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HIKING: Go to Craigowl Hill for excellent views of Dundee, River Tay and Fife

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Lying at the eastern end of the range, Craigowl Hill is the highest of the Sidlaw Hills, perhaps more of a curse than a blessing for the peak as its summit is adorned with an array of metalwork.

The aerials and masts are, however, a distinctive feature of the landscape, ensuring the hill is an easily identifiable landmark from afar and, turn your back on the towers, and they struggle to detract from the excellent views the top affords on a clear day.

Heathery tracks and grassy paths offer approaches from all angles, the most popular routes of ascent beginning in Balkello Community Woodland, to the south, where there is a convenient car park, a short drive from Dundee.

A gateway to the Sidlaws, waymarked trails negotiate the trees to the hills themselves and, from an information board by a wee pond, I set off along the Raven Trail, purple waymarkers leading me around the grassy clearing to a second pool beyond which I branched right.

The route of the raven is not the most direct line, but it is a pleasant meander through what is a relatively young woodland of predominantly native species and the plethora of posts kept me on track.

Dipping to cross a soggy patch of ground by a small pond, I climbed below an electricity pylon line to a signed junction, leaving the marked trail, my onward route to Craigowl Hill rising north through broom bushes.

The path soon curves left and, as it comes out of the bend and straightens up once again, look out for a wooden gate partly obscured by broom on the right.

Here the route on the ground becomes a little sketchy. Hop over the stream below the gate and head up and over grassy pasture towards a copse of trees, aiming for a round wooden post from where the path climbs through a band of gorse to cross a rough track.

A little to the right, at a stone embedded in the ground, the path continues up through the gorse, emerging on to a grassy slope at the top of which an obvious path rises to the left of rocky outcrops

Flattening off briefly, the way swings right, ascending the western shoulder of Craigowl Hill, the summit masts in sight above. Again, indistinct in parts, the way crosses the line of an old wall higher up the slope before curving left to a junction of fences with two stiles.

From here, it is a short hike to the top, marked by a trig point sandwiched between two of the mast compounds, from where views stretch east across Angus towards the North Sea, south to Dundee, the River Tay and Fife and west along the spine of the Sidlaws.

There is no viewpoint indicator here to help pick out distant peaks, but there is one on neighbouring Balluderon Hill and the route there is straightforward, a path running parallel with a fence descending west to a gate in the col from where a clear trail climbs steeply by another fence, the gradient easing as it curves left to the top.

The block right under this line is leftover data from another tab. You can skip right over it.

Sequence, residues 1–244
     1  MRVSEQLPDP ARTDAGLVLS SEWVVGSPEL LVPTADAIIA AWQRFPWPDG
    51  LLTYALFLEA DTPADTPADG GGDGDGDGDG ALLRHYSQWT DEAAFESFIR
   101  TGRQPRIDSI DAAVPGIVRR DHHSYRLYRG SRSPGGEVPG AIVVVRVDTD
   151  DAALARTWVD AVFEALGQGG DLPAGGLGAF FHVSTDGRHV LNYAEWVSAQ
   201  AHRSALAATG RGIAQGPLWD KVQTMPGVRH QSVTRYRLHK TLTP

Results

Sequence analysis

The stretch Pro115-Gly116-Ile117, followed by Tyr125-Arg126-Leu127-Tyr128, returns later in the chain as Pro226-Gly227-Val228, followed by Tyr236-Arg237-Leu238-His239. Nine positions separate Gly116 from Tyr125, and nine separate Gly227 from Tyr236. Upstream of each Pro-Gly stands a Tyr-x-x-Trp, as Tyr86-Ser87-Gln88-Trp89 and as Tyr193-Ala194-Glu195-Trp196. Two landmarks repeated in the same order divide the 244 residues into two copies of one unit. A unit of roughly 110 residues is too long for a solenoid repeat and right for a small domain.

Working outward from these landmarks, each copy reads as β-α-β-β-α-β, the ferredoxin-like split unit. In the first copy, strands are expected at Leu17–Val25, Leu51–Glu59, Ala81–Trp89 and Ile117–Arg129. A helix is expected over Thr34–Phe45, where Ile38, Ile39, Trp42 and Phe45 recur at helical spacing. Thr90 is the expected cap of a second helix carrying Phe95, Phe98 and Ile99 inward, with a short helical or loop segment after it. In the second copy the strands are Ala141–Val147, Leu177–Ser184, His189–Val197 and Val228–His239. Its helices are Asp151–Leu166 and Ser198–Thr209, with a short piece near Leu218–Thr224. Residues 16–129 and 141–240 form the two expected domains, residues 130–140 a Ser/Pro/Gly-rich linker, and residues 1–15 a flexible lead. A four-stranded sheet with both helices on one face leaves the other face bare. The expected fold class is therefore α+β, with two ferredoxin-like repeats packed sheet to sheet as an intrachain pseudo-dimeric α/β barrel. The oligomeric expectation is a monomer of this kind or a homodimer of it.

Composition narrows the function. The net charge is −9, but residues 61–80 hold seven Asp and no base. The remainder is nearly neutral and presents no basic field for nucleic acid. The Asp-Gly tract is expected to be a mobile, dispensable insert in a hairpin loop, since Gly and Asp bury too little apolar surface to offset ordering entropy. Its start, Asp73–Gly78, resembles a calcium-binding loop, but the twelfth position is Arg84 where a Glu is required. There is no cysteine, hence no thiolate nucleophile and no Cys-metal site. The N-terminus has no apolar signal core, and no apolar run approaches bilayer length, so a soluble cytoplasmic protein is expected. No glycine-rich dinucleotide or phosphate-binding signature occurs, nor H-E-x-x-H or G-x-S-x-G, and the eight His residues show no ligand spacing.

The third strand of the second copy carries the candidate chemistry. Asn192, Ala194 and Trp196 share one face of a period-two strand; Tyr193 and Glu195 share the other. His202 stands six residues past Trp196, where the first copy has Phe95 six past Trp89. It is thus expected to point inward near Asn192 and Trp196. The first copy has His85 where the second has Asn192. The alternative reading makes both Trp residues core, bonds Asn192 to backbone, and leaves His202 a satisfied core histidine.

Mounted on a neat cairn of local stone, a plaque deciphers the lie of the land and honours the late Syd Scroggie, legendary walker and climber, author and poet, who discovered his passion for the hills in the Sidlaws.


1. At information board, ignore white waymarked trail branching left and proceed ahead on gravel path, curving left then right to junction beyond pond. Fork right and follow purple waymarker posts through woodland, ascending below pylon line to signed junction.

2. Go right (signed Balluderon) then immediately left, ascending path through left-hand bend.

3. Branch right through gate, cross stream then grazing land to wooden post, ascend path through gorse, over grassland and up to left of rocky outcrops.

4. Turn right and ascend path to junction of fences and stiles.

5. Cross stiles and ascend to Craigowl Hill summit.

6. Return to point 5, cross stiles and descend path parallel to fence west to gate in col.

7. Ascend path by fence, bearing left higher up to summit cairn.

8. Descend path west into Windy Gates col then go left down to metal gate.

9. Descend towards pylon then go left by wall down to and through gate to junction. Bear right into woodland to return to car park.


Distance: 6.4km/4 miles

Ascent: 300m/990ft

Time: 2-3 hours

Grading: Moderate route following moorland tracks and paths, parts of which can be wet and muddy underfoot, with some steep and prolonged ascents. Keep dogs under close control over grazing land

Start/finish: Balkello Community Woodland car park, two miles east of Kirkton of Auchterhouse on minor road to Tealing (Grid ref: NO 365385). Car park open 8am to 5pm (Oct-Mar) and 8am to 10pm (Apr-Sept)

Map: Ordnance Survey 1:50,000 Landranger sheet 54; Ordnance Survey 1:25,000 Explorer sheet 380

Tourist Information: Dundee iCentre, 16 City Square, Dundee DD1 3BG (Tel 01382 527527)

Public transport: None